Abstract
Phycocyanin (PC), a natural product obtained from algae, is attracting attention due to its health benefits, such as its antioxidant and anti-inflammatory properties. This work studies the use of PC as the main stabilizer in avocado and lemon oil emulgels, a format for [...] Read more.
Phycocyanin (PC), a natural product obtained from algae, is attracting attention due to its health benefits, such as its antioxidant and anti-inflammatory properties. This work studies the use of PC as the main stabilizer in avocado and lemon oil emulgels, a format for drug delivery. The influence of PC concentration on droplet size distribution, rheological properties, and physical stability is studied using a laser diffraction technique, rheological measurements, and multiple light scattering. The 5 wt.% PC emulsions show the lowest droplet size and, consequently, the best stability against creaming and droplet growth. Emulsions formulated with PC as the only stabilizer show a slight pseudoplastic character with an apparent viscosity below 10 mPa·s at 2 Pa. This indicates that these emulsions undergo creaming with aging time. In order to reduce creaming, pectin is incorporated into the 5 wt.% PC emulsion at different concentrations. Interestingly, yield stress and an incipient gel character are observed due to the presence of pectin. This is why the creaming mechanism is reduced. In conclusion, PC forms a layer that protects the interface against coalescence and Ostwald ripening. And, pectin is incorporated to reduce creaming. This research has the potential to make valuable contributions to diverse fields, such as health, medicine, and encapsulation technology. Full article
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18 pages, 2728 KiB  
Article
Optimized Chitosan-Based Nanoemulsion Improves Luteolin Release
by Camila Diedrich, Isabella C. Zittlau, Najeh M. Khalil, Adam F. G. Leontowich, Rilton A. de Freitas, Ildiko Badea and Rubiana M. Mainardes
Pharmaceutics 2023, 15(6), 1592; https://doi.org/10.3390/pharmaceutics15061592 - 25 May 2023
Cited by 1 | Viewed by 1431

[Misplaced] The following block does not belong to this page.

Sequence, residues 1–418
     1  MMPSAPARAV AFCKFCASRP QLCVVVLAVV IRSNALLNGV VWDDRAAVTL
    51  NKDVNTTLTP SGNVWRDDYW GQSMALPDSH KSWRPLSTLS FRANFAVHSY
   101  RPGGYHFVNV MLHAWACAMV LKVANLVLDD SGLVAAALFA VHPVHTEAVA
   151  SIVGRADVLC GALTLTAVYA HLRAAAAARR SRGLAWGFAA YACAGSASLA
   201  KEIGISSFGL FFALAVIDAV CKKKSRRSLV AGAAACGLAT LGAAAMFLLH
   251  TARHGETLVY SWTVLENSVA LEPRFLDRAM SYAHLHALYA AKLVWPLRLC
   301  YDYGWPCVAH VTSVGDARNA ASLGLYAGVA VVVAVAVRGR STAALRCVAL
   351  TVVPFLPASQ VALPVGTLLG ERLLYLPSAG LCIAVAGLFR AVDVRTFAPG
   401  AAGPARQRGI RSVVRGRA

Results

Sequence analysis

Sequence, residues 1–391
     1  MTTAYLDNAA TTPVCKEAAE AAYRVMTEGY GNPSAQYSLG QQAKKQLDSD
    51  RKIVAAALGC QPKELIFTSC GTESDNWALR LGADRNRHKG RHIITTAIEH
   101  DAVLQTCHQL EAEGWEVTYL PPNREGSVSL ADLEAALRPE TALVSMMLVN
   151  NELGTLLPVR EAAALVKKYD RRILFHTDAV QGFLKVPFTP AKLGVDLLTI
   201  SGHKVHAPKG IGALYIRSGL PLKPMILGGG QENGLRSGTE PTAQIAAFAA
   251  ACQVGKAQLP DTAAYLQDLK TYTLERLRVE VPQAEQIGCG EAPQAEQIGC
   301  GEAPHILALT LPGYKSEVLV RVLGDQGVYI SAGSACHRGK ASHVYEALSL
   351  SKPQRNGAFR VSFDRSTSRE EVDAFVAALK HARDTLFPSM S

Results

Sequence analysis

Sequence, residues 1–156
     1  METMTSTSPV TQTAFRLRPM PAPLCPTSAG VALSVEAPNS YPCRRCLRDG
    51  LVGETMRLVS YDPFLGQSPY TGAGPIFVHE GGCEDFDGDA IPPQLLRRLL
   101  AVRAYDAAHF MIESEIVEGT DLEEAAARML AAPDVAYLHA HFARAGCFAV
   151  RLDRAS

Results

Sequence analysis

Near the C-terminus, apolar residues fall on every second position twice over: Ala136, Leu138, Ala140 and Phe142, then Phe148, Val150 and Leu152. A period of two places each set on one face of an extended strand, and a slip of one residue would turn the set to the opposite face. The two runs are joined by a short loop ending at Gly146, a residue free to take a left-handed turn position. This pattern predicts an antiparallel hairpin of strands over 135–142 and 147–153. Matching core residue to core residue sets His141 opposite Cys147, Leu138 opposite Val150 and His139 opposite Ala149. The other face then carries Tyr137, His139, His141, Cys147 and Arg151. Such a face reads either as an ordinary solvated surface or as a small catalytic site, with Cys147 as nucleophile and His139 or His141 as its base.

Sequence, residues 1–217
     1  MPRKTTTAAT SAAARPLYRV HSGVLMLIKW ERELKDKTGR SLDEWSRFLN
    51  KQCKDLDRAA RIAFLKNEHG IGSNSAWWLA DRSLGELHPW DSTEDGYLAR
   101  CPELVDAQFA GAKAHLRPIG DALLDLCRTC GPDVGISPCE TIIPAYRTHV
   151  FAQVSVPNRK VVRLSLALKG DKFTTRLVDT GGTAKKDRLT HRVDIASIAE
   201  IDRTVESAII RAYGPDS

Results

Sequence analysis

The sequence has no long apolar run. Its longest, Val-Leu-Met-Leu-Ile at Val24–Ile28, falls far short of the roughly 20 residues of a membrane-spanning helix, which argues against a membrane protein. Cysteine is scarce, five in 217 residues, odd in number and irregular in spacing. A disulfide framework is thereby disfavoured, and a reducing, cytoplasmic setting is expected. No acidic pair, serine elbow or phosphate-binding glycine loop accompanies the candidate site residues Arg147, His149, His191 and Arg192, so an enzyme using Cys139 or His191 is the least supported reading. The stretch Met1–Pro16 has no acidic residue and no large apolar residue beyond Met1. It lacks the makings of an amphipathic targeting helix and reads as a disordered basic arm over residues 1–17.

Abstract
Luteolin (LUT) is a flavonoid found in several edible and medicinal plants. It is recognized for its biological activities such as antioxidant, anti-inflammatory, neuroprotective, and antitumor effects. However, the limited water solubility of LUT leads to poor absorption after oral administration. Nanoencapsulation may [...] Read more.
Luteolin (LUT) is a flavonoid found in several edible and medicinal plants. It is recognized for its biological activities such as antioxidant, anti-inflammatory, neuroprotective, and antitumor effects. However, the limited water solubility of LUT leads to poor absorption after oral administration. Nanoencapsulation may improve the solubility of LUT. Nanoemulsions (NE) were selected for the encapsulation of LUT due to their biodegradability, stability, and ability to control drug release. In this work, chitosan (Ch)-based NE was developed to encapsulate luteolin (NECh-LUT). A 23 factorial design was built to obtain a formulation with optimized amounts of oil, water, and surfactants. NECh-LUT showed a mean diameter of 67.5 nm, polydispersity index 0.174, zeta potential of +12.8 mV, and encapsulation efficiency of 85.49%. Transmission electron microscopy revealed spherical shape and rheological analysis verified the Newtonian behavior of NECh-LUT. SAXS technique confirmed the bimodal characteristic of NECh-LUT, while stability analysis confirmed NECh-LUT stability when stored at room temperature for up to 30 days. Finally, in vitro release studies showed LUT controlled release up to 72 h, indicating the promising potential of NECh-LUT to be used as novel therapeutic option to treat several disorders. Full article
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Review

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26 pages, 3560 KiB  
Review
Therapeutic Potential and Predictive Pharmaceutical Modeling of Stilbenes in Cannabis sativa
by Conor O’Croinin, Andres Garcia Guerra, Michael R. Doschak, Raimar Löbenberg and Neal M. Davies
Pharmaceutics 2023, 15(7), 1941; https://doi.org/10.3390/pharmaceutics15071941 - 12 Jul 2023
Cited by 2 | Viewed by 1780
Abstract
Cannabis sativa is a plant used for recreational and therapeutic purposes; however, many of the secondary metabolites in the plant have not been thoroughly investigated. Stilbenes are a class of compounds with demonstrated anti-inflammatory and antioxidant properties and are present in cannabis. Many [...] Read more.
Cannabis sativa is a plant used for recreational and therapeutic purposes; however, many of the secondary metabolites in the plant have not been thoroughly investigated. Stilbenes are a class of compounds with demonstrated anti-inflammatory and antioxidant properties and are present in cannabis. Many stilbenes present in cannabis have been investigated for their therapeutic effects. Fourteen stilbenes have been identified to be present in cannabis, all of which are structurally dihydrostilbenoids, with half possessing a prenylated moiety. The stilbenes summarized in this analysis show varying degrees of therapeutic benefits ranging from anti-inflammatory, antiviral, and anti-cancer to antioxidant effects. Many of the identified stilbenes have been researched to a limited extent for potential health benefits. In addition, predictive in silico modeling was performed on the fourteen identified cannabis-derived stilbenes. This modeling provides prospective activity, pharmacokinetic, metabolism, and permeability data, setting the groundwork for further investigation into these poorly characterized compounds. Full article